Easing freight rates lend mild support to demand for Middle East crude
Benchmark Dubai crude futures’ premium to ICE Brent ticked up in mid-morning Asian trade on Thursday as easing freight rates open up avenues for storage of excess crude barrels and stimulate demand for Middle East crude in Asia.
At 11 am in Singapore Thursday, the May Brent-Dubai Exchange of Futures for Swaps widened to minus $4.62/b, compared with minus $4.43/b assessed at the 4:30 pm close in Asia on Wednesday.
The Dubai end of the spread held up even as ICE Brent futures dipped during Asian trading hours Thursday morning as optimism around potential US stimulus measures to combat declining economic activity lost steam in global oil markets. May ICE Brent futures were down 31 cents/b from $27.51/b at 4:30 pm Wednesday in Singapore (0830 GMT), to $27.20/b at 11 am (0300 GMT) Thursday morning.
However, May Dubai futures declined 12 cents/b to be pegged at $31.82/b at 11 am on Thursday.
Freight rates for cargoes shipped from the Persian Gulf to the East eased from around $6/b in recent weeks, and could stimulate more buying interest of sour crude barrels, which are currently being offered at multi-year lows, crude market participants said Thursday morning.
Freight “seems to have come off a bit from the peak,” a buyer based in Singapore said Thursday morning.
However, buyers seem to be in no rush to procure excessive cargoes with Middle East producers set to maximize output in coming months, they said.
Crude production from OPEC+ countries is expected to jump rapidly with the end of the current agreement limiting volumes at the end of March.
Saudi Aramco for instance, said it would increase production to 12 million b/d starting April.
“Our maximum sustained capacity is 12 million b/d, [and] 300,000 b/d is coming from our inventories, whether in the kingdom or out of the kingdom,” CEO Amin Nasser said on an earnings call with analysts last week.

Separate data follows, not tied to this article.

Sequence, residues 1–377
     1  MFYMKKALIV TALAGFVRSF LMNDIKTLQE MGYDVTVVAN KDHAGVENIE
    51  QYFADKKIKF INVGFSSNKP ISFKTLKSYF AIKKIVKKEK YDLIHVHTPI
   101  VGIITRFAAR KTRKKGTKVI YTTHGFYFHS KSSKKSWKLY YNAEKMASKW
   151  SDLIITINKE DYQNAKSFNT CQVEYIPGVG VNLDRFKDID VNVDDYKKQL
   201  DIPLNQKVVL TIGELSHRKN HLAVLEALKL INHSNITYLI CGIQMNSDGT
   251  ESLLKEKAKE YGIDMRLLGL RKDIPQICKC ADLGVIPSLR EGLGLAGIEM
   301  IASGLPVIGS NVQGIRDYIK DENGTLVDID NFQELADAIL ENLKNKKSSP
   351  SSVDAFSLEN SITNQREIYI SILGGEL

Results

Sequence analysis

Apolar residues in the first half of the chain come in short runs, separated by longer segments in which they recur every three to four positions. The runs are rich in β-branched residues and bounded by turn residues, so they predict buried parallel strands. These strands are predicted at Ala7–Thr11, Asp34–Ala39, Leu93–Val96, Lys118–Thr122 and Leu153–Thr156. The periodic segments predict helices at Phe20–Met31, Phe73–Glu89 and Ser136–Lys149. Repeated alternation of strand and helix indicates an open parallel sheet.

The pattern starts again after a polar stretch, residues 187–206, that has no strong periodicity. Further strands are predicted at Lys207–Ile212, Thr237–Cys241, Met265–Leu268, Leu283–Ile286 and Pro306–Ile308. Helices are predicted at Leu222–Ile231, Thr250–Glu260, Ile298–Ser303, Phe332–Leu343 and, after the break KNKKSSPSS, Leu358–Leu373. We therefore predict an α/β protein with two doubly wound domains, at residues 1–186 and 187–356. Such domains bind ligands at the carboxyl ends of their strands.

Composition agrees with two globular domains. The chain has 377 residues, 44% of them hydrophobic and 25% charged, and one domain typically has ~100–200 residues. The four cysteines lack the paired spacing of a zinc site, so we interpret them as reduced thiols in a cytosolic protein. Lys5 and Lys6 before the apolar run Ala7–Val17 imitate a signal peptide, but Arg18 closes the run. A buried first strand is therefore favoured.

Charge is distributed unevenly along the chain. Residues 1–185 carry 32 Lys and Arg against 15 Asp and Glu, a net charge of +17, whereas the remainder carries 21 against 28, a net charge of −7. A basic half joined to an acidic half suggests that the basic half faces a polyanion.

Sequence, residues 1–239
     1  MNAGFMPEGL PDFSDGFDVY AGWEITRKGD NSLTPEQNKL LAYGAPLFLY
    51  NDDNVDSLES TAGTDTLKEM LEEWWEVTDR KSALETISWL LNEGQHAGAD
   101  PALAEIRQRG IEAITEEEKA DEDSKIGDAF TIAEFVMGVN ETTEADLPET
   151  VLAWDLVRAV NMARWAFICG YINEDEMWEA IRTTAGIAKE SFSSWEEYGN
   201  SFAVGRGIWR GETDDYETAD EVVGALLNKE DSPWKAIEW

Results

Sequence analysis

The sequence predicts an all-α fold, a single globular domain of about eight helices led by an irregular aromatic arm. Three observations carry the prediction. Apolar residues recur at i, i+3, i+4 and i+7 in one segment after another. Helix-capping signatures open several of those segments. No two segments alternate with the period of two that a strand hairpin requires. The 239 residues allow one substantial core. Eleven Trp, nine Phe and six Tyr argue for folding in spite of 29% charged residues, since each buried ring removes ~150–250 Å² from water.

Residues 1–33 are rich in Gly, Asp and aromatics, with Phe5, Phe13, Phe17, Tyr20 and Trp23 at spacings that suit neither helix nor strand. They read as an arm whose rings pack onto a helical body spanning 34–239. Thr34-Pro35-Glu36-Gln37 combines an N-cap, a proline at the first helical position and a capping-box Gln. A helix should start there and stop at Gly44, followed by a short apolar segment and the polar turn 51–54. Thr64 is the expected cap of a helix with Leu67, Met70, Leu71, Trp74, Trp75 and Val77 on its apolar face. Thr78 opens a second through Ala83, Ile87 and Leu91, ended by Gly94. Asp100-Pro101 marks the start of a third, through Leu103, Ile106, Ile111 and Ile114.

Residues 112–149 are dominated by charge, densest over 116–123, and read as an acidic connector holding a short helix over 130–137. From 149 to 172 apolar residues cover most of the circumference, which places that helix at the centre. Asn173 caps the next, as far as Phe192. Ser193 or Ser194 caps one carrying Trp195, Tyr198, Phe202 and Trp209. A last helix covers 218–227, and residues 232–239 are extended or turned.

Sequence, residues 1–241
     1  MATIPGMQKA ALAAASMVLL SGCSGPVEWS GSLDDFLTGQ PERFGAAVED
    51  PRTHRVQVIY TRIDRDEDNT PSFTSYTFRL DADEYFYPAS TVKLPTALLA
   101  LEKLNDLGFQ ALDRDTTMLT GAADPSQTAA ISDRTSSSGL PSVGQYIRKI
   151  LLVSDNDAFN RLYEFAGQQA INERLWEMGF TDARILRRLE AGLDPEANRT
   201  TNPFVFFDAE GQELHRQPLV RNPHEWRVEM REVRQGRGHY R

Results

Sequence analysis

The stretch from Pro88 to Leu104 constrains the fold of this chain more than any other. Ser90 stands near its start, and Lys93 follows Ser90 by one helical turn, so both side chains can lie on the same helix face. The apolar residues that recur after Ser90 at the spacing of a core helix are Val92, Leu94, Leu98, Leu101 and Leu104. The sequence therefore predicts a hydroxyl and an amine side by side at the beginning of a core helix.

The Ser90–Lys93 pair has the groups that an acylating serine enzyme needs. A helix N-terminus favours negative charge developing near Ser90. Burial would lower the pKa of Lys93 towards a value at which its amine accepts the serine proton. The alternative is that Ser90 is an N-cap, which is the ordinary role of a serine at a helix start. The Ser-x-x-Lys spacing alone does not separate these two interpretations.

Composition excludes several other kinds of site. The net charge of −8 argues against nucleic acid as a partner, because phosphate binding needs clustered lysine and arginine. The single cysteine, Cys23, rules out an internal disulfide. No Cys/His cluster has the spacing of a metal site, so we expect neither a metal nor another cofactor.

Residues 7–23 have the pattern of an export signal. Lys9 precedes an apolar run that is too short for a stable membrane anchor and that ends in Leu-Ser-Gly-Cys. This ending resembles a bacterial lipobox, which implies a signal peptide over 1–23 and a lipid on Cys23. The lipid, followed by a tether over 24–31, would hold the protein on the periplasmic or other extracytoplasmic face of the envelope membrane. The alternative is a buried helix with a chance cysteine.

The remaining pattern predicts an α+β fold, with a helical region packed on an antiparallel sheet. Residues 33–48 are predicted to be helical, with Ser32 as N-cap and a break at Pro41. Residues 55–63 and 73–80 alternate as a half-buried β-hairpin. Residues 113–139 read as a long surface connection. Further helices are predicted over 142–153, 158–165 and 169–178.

“We are looking at how long we can maintain that additional 300,000 b/d. It is definitely for sure in April, and we’re looking at other months maintaining higher production above our maximum sustained capacity.”
DEMAND FOR STORAGE
Additionally, talk of refinery run cuts as product margins continue to slide would imply that incremental demand for crude may come from traders looking to store volumes rather than from end-users, they added.
With intermonth Dubai in deep contango, many traders will be eyeing freight economics for viable storage to float excess crude barrels, market participants said Thursday.
“Contango very deep at the front,” a trader with a Southeast Asian refinery said on Thursday, adding that “short term [storage economics] would be quite supported at these levels.”
The prompt April/May Dubai spread was pegged at minus $2.72/b at 11 am (0300 GMT) on Thursday in Singapore, slightly lower from minus $2.63/b assessed on Wednesday.
The May/June Dubai spread ticked up, however, pegged at minus $2.26/b at 11 am, compared with the assessed minus $2.33/b at 4:30 pm (0830 GMT) on Wednesday.
A number of traders picked up several million barrels of Middle East sour crude priced at deep discounts via the Platts Market on Close assessment process in Asia Wednesday evening, leading market participants to point out that these were likely destined for storage in tanks or on ships.
The subsequent demand for floating storage for May crude cargoes on VLCCs could sustain freight in coming weeks, traders said.
“Freight is off from the peak, but rebounded last night,” the second trader said.